Unfortunately, many governments in developing countries have attributed poverty to lack of wealth rather than misappropriation of wealth by few powerful individuals in the communities. Thus, the government‘s bent on seeking for international donors not minding that in a country like Nigeria with huge talents and mineral resources there is enough to go round if good governance thrives. If good governance requires an inclusive public space based on informed dialogue and debate, a positive relationship between communication and governance seems plausible. However, communication can further poor governance (when used to protect the state rather than serve as a voice for the people, for example, or when subject to elite capture). In addition, it is difficult to establish a clear evidence base to support positive connections between communication and governance. There are also challenges relating to causality where the link between communication and governance is thought to be reciprocal; for example, communication may help to promote good governance, but freer government may also promote participation and communication. The new approaches to good governance bring together the demand and supply sides, so DFID’s definition of good governance, for example, is not just about government, it is also about political parties, parliament, the judiciary, the media, and civil society. It is about how institutions relate to each other in order to make change happen. Good governance requires: state capability – the extent to which leaders and governments are able to get things done; responsiveness – whether public policies and institutions respond to the needs of citizens and uphold their rights; and accountability – the ability of citizens, civil society and the private sector, to scrutinise public institutions and governments, and hold them to account (World Bank 2006). The World Bank defines governance similarly as the processes and institutions through which authority in a country is exercised as: the process by which governments are selected, held accountable, monitored, and replaced; the capacity of government to manage resources and provide services efficiently, and to formulate and implement sound policies and regulations; and the respect for the institutions that govern economic and social interactions among them.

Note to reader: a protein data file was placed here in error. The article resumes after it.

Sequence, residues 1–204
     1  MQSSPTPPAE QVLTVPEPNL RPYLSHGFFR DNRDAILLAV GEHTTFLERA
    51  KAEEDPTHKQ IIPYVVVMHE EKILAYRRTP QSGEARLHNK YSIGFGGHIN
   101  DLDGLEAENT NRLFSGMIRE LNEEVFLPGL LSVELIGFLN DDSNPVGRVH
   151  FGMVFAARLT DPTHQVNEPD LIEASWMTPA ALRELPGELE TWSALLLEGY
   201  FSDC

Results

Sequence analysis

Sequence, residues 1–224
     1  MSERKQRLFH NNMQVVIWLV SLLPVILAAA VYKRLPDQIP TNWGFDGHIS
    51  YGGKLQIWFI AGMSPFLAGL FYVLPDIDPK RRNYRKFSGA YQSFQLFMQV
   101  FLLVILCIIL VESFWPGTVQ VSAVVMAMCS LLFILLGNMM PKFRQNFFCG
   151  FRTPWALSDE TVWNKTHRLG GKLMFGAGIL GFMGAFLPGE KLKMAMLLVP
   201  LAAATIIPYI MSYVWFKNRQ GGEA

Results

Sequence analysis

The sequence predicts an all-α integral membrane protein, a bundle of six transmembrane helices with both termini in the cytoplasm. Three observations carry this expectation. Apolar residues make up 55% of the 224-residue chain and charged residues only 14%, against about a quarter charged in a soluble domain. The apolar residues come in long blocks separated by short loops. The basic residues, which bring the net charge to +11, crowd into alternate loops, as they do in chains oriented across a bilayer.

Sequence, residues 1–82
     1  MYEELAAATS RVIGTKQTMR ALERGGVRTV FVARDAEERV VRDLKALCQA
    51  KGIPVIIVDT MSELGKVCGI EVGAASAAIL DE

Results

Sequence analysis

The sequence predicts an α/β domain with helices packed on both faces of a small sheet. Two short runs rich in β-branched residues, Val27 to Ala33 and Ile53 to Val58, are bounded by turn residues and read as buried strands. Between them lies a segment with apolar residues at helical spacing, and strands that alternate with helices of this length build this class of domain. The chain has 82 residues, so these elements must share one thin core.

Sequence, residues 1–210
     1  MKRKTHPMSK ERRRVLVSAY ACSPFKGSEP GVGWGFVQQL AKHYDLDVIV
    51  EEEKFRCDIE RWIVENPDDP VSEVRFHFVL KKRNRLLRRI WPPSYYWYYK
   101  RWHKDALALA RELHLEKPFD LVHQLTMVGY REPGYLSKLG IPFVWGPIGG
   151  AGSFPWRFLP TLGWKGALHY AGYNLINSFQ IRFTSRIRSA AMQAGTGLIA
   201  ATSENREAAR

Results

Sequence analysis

The core demand of the public shouting slogans was for development. It is pointless now to ask in hindsight why the government communication apparatuses in these countries did not address the element and substance of these slogans before they snowballed into a cause of disagreement between the people and the authorities. However, we can ask a more pertinent question, the answer to which I think will decisively determine the destiny of the Arab region. It’s this: can government communication today with its conceptual, practical and experiential legacy effectively influence the course of events and turn the tide towards a better tomorrow? Let us examine this proposition in light of the lessons gleaned from recent developments. I am not going to analyse events that grabbed global headlines – quite the contrary. Many world events do not catch our sustained attention or get etched in our memories despite their long-term relevance. They vanish from the mind and from the media in no time. This is because they are not given the chance to fester into daunting crises, and are promptly and judiciously settled. Given this premise, these are the very events that justifiably require closer study as they offer us valuable lessons on how to limit or prevent socio-economic maladies. The proper understanding of events that vanish immediately from the media glare are far more significant than those that violently infiltrate our consciousness. The shocking spectacles that grab headlines around the world happen because the issues at their core are left to fester and grow for a long period of time in front of our very eyes.